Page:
Student Sean McDowell referenced the 1999 Columbine High School incident and the many shootings since then in depicting the tension his generation feels each day at school. “Due to the fact that I am only 18 years old, I do not know what’s it’s like to live in a country without mass school shootings,” he said. He advocated for more legislation to protect students and all Americans, including tighter background checks on gun sales, increased security at schools and a ban on semiautomatic rifles.
After public comment, Manheimer said while she understands the calls for better mental health services and school security, she is “personally very exasperated” about the parts of the conversation that don’t deal directly with regulating guns. That said, she admitted there’s not much Asheville can do about it. “Just to be clear, cities and counties in North Carolina have very limited authority over gun control,” she said.
Mayfield mentioned that on March 24 there will be a March for Our Lives held in Asheville and encouraged people to attend if they are interested in the issue.
In other business
City Council approved a resolution proclaiming March 10 as “Zelda Fitzgerald Day” and one proclaiming March 19-25 as “Asheville Climate Week.” It also approved a resolution in memory of the Rev. Billy Graham, a longtime Montreat resident who died Feb. 21.
Not everyone in attendance at the meeting was supportive of City Council’s decision to honor Graham, however. Asheville resident Casey Campfield read several quotes in which Graham spoke derogatorily of homosexuality, the AIDS epidemic, Martin Luther King Jr. and Jewish people in the American media. “The fact that you would use this platform to honor Billy Graham without even a single mention of his checkered past is beyond cowardly and a great disappointment to many of your constituents,” Campfield said.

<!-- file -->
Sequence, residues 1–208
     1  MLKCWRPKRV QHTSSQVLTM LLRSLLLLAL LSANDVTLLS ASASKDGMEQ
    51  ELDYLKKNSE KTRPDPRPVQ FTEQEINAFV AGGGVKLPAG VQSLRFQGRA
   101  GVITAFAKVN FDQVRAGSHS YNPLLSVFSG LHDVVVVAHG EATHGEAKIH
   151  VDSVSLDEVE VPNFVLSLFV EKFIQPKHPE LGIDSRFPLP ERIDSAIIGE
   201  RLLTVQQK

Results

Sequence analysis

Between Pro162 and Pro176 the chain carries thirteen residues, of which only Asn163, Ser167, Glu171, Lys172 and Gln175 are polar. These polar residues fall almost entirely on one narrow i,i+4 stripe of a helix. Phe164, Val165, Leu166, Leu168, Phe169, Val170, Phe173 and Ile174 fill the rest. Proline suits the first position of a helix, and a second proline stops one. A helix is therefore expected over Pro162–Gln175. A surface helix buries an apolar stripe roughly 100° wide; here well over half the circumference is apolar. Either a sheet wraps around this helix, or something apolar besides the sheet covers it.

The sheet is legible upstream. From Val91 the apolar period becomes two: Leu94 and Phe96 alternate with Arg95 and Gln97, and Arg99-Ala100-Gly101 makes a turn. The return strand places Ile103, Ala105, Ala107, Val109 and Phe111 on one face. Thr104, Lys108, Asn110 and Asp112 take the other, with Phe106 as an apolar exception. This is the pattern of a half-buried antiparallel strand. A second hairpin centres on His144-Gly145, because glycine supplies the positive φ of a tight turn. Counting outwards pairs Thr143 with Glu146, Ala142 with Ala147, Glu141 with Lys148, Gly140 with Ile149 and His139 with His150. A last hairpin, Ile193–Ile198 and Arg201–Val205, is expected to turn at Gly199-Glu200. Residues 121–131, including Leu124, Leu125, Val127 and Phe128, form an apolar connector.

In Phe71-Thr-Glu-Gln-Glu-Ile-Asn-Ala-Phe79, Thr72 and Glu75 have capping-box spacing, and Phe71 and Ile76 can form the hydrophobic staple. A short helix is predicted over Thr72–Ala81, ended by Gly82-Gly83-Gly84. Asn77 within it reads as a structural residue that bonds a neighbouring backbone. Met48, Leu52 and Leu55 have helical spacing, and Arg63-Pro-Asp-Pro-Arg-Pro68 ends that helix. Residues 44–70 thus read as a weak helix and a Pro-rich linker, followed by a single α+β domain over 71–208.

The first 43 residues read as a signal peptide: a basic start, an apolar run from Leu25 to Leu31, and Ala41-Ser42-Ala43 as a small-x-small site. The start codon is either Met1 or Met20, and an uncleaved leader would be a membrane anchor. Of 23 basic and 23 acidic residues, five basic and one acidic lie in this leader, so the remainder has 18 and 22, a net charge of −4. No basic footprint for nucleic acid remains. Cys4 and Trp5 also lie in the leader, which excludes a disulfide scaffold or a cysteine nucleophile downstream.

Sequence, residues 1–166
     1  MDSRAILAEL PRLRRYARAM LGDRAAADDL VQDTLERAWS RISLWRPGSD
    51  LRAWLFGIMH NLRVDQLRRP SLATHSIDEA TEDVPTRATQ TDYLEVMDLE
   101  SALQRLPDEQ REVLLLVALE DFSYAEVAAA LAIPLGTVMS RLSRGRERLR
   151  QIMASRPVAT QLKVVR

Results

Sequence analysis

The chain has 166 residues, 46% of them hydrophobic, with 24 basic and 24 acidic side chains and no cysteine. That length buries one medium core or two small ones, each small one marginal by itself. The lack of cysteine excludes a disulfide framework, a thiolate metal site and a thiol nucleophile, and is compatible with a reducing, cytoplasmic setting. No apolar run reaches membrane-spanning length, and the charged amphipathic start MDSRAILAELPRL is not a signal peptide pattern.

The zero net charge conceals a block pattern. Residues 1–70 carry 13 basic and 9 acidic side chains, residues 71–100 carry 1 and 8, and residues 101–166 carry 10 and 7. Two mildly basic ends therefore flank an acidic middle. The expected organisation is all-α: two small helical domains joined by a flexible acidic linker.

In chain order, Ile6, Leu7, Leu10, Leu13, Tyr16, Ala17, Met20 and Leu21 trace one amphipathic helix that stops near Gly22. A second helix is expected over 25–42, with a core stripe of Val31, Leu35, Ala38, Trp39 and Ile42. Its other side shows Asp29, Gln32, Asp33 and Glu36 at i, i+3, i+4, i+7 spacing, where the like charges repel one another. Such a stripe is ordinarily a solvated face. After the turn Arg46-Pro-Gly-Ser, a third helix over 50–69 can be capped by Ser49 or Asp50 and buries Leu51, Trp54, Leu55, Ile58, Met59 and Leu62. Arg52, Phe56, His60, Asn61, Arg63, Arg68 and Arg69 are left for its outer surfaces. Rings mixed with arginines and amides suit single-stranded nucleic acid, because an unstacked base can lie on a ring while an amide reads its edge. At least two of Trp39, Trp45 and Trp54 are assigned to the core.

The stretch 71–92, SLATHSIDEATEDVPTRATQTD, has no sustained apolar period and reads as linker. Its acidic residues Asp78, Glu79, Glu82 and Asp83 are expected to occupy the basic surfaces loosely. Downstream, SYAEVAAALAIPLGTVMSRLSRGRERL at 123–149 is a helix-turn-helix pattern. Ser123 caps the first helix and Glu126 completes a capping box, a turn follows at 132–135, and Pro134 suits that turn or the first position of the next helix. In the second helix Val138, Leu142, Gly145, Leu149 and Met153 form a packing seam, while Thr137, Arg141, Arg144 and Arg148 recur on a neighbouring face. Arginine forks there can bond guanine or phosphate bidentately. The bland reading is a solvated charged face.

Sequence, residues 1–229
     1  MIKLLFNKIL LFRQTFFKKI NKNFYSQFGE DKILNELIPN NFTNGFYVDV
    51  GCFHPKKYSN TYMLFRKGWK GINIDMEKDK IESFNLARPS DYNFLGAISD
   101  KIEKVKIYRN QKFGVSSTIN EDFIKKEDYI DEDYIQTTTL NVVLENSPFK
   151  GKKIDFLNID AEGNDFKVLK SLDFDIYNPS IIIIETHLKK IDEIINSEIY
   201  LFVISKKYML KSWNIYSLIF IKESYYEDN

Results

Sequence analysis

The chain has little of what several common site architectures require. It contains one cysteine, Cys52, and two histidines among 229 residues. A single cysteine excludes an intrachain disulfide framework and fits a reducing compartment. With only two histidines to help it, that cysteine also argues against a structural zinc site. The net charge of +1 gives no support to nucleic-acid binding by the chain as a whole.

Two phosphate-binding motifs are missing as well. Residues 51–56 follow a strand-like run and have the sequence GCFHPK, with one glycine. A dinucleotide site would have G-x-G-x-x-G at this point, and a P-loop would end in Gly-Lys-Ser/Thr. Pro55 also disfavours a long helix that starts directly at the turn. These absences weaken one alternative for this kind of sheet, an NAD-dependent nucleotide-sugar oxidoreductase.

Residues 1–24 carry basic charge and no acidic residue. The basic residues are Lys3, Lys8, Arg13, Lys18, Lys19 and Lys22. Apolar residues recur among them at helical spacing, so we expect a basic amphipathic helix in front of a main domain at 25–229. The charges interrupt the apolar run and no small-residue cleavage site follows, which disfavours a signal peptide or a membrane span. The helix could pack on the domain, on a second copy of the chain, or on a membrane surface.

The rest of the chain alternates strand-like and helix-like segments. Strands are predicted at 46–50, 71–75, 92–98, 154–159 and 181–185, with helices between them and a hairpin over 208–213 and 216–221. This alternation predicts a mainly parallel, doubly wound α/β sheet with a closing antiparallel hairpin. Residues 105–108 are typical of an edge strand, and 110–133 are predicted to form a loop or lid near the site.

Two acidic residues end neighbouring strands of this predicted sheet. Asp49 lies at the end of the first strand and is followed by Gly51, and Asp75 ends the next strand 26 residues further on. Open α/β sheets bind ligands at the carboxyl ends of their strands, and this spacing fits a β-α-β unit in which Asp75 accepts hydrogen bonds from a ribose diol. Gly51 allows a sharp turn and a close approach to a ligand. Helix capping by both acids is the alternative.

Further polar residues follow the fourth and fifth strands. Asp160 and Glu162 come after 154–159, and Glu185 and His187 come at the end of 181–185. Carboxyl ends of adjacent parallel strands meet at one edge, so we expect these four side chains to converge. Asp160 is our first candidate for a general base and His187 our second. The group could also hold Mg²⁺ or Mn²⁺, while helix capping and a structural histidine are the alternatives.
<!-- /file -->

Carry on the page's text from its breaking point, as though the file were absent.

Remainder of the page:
Also in public comment, three people who run a car service, an airport shuttle and a trolley service said they feel they are unfairly charged for commercial insurance and airport fees that individual drivers of Uber and Lyft do not have to pay.
During the meeting, Council also heard an update on the Charlotte Street Innovation District and approved the consent agenda.
The next City Council meeting is scheduled for Tuesday, March 13, at 5 p.m. at City Hall.
Editor’s note: This article was updated at 1:26 p.m. on Feb. 28. The actual difference in charges paid by Cane Creek customers versus other MSD customers was added.